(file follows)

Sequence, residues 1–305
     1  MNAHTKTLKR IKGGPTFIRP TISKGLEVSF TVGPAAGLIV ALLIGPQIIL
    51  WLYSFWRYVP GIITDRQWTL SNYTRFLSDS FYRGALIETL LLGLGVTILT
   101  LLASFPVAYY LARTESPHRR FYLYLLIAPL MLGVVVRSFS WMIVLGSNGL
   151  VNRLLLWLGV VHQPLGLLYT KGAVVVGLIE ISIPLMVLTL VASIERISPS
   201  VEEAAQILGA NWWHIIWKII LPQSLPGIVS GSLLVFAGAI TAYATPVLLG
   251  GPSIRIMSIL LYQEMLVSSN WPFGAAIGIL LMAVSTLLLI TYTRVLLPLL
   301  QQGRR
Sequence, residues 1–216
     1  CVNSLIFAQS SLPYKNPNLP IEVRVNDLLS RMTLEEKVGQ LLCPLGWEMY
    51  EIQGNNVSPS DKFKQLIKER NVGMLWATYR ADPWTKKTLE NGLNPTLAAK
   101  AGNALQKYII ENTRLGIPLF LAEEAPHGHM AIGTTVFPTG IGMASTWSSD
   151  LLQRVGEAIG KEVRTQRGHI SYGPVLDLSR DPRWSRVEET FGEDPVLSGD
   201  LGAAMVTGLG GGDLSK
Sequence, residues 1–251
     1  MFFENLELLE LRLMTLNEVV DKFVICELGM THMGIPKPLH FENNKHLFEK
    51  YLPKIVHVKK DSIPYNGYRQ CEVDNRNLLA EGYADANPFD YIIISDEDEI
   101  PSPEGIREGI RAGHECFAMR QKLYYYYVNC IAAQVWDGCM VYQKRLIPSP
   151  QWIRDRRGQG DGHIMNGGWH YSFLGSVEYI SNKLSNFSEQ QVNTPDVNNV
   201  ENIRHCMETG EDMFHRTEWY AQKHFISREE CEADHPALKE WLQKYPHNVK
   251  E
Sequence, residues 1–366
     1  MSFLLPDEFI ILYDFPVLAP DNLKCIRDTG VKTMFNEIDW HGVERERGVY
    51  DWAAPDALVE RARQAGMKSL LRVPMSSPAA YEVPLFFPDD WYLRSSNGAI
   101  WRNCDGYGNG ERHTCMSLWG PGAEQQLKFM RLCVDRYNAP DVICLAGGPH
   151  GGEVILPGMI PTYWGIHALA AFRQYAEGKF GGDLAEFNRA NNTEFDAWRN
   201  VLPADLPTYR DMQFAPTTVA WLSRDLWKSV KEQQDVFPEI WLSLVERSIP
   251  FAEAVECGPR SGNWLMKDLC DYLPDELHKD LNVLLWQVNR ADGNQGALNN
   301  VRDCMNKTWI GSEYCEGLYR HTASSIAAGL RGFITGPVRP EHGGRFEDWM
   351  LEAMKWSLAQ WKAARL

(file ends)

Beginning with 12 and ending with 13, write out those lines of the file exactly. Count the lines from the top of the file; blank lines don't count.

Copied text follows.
   101  AGNALQKYII ENTRLGIPLF LAEEAPHGHM AIGTTVFPTG IGMASTWSSD
   151  LLQRVGEAIG KEVRTQRGHI SYGPVLDLSR DPRWSRVEET FGEDPVLSGD